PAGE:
Slow day around the house.
Then I noticed these little guys popping up all over the patio area near the barn.
We have these tiny sweeties blooming all spring and all summer and all fall and we've even had them bloom into December, if it's warm enough.
I take them for granted since they are around so much.
So I decided to do a little research and see what their story is.
Johnny jump ups, also known as heartsease, originated in the mountains of Spain and France. Sometimes they are called wild pansy. I was trying to figure out how they got to North America, then I remembered how quickly they spread around our yard. I'm sure they hitchhiked on the bottom of someone's shoe.
The name heartsease has nothing to do with cardiac abilities. In flower language, the pansy (from the French "pensée" - thought) sent a message indicating that the recipient was in the sender's thoughts.
It has lots of medicinal properties, being used to treat epilepsy, asthma, eczema and bronchitis. It has also been used to treat whooping cough, rheumatism, and cystitis.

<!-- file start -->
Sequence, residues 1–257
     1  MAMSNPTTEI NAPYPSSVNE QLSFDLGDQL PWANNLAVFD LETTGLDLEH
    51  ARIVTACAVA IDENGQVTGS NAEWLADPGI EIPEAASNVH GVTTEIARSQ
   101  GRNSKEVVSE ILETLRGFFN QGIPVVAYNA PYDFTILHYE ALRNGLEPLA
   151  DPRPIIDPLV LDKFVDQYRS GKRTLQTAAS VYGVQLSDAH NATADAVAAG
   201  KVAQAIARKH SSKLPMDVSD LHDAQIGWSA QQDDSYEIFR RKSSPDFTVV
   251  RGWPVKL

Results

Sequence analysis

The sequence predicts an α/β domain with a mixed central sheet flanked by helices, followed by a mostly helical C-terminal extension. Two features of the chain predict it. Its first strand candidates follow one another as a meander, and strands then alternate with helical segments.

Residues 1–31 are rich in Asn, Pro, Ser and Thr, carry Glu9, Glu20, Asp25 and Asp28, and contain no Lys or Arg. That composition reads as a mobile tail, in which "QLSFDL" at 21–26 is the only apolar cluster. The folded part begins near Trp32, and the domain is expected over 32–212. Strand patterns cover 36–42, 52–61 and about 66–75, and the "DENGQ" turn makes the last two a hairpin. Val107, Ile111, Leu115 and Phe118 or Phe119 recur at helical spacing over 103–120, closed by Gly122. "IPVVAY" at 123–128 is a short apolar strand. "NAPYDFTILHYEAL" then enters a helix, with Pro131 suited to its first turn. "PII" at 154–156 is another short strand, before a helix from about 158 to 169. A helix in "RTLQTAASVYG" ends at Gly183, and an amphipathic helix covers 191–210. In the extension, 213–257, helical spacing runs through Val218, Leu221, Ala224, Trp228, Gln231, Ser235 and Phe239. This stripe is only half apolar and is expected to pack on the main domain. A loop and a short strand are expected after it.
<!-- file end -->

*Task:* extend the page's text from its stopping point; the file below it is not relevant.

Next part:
That is a pretty powerful little flower.
And you can eat it, too. It contains antioxidants.
Bet you didn't know you were going to get a horticulture lesson today, did you?
We went to a "Christ in the Passover" celebration at church tonight. It is something we've been doing for the past few years on Maundy Thursday.
I like it. It walks us through the Passover meal, telling what the traditions mean, and helps explain the Bible passages about the Last Supper.
At one part of the Passover meal, you have to eat horseradish. It symbolizes the bitterness of the slavery the Jews experienced in Egypt.
I should have taken a small taste. But no, Paster said to eat the whole amount. About a teaspoonful. Which doesn't sound like much.
Until you eat it. And then, it's....
Nasal burning, eyes watering, and things almost go black. Just when you think you can't stand it anymore, the sensations subside and you slowly return to normal.
Whew. I'm glad we only had to eat that once.